3. Build a Marketing Plan That Optimizes Your Client’s Web Presence
With all this in mind, the local businesses you serve can no longer afford to market only with a few traditional “offline” tactics like the yellow pages, billboards, and in-store signage. Today, they need to create a robust, sustained web presence in all the places that consumers search, surf, and socialize online.

What does a complete web presence consist of? For one, small businesses need targeted advertising on the leading search engines; popular news, entertainment and lifestyle websites; and social networks. Plus, they need to create a steady flow of compelling content across websites, blogs, social media sites like Facebook, Twitter, and Google+, and leading content sites like YouTube and Instagram. Finally, they need content that engages consumers and brings their businesses to life online, like product photos, video tutorials, how-to articles, and interesting stories. And on top of it all, they need someone to monitor and manage their online reputation to ensure potential customers form a great impression of them.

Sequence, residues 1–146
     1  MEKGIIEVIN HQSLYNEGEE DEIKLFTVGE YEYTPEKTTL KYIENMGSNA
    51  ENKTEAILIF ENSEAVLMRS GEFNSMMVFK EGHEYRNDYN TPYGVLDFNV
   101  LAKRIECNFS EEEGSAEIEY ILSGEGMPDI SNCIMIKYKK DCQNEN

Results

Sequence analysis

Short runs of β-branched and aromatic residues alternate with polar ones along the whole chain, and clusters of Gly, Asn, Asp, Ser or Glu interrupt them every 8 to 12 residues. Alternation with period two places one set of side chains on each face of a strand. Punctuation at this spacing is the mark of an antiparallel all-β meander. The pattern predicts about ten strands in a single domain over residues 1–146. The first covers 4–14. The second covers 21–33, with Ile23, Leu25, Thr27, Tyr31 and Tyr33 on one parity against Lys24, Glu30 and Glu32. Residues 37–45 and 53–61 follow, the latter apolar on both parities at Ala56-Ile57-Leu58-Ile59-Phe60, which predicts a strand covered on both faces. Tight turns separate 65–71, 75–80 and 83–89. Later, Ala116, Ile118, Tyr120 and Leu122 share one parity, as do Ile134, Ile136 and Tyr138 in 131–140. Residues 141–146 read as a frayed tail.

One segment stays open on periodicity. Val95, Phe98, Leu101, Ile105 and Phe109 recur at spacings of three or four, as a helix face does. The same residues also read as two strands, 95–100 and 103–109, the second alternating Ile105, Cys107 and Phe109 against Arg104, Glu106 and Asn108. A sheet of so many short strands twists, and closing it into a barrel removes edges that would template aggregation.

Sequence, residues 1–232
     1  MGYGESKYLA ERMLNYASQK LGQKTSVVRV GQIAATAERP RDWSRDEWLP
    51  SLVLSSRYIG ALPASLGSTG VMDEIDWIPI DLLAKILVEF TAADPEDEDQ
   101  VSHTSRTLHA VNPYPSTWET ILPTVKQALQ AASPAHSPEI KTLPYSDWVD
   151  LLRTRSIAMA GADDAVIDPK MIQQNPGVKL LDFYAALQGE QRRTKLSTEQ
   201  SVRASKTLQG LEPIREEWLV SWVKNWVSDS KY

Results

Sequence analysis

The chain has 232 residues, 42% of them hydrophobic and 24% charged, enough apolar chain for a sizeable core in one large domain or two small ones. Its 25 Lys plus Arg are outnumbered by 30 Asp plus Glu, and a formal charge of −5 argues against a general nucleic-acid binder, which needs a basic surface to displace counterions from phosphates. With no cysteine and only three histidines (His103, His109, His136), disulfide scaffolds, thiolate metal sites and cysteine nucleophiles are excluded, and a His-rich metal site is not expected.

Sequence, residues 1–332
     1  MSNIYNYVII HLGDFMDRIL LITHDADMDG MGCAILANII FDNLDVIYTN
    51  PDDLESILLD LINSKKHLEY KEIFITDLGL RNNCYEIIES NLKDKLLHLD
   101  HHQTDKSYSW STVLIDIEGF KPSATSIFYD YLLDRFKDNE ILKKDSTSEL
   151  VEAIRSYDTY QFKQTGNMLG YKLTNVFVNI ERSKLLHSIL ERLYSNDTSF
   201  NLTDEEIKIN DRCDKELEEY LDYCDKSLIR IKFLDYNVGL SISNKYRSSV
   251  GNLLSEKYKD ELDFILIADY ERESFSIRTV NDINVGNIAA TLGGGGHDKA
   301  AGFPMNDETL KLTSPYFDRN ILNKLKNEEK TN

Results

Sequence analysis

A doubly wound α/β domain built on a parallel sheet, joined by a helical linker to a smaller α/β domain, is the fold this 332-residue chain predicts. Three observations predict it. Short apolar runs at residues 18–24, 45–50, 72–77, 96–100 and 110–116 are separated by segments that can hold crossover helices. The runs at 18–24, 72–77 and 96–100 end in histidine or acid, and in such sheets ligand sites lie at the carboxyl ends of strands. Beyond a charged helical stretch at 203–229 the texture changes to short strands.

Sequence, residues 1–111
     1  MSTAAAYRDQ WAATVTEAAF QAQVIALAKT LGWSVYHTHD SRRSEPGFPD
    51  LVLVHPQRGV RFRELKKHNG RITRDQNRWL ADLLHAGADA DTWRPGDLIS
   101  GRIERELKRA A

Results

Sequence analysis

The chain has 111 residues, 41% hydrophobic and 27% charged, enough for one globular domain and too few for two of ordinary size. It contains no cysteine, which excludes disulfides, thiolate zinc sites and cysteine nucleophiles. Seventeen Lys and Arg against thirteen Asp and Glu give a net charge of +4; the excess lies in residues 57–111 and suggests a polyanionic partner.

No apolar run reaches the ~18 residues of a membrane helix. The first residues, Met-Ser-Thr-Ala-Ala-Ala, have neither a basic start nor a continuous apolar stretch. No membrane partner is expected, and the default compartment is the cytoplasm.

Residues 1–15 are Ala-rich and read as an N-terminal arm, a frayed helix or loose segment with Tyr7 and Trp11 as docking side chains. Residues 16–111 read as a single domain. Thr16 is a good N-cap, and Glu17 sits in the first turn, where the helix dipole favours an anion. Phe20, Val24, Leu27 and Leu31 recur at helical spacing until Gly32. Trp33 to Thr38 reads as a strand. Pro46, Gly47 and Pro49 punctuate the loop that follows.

The bottom line is that consumers are using the web to become highly informed about everything they buy, and what they see (or don’t) about every business online affects whether they buy from that company. It’s much more complex and time-consuming for small businesses to reach these digital consumers than ever before, so it’s up to solutions providers to help clients create and sustain a total web presence that can win them more customers.

As CMO of ReachLocal, Todd Ebert leads the team responsible for all customer-facing marketing. He has 20 years of experience in brand strategy, product marketing, content marketing, and communications at technology start-ups and Fortune 100 enterprises. He can be reached through Twitter and his blog.